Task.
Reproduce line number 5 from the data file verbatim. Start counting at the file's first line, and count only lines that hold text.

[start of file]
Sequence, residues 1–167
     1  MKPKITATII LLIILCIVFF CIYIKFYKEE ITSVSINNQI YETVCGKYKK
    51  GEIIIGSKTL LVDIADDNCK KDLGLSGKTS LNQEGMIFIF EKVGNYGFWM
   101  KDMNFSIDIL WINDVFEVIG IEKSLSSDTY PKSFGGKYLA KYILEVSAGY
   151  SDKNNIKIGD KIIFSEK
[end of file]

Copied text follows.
   151  SDKNNIKIGD KIIFSEK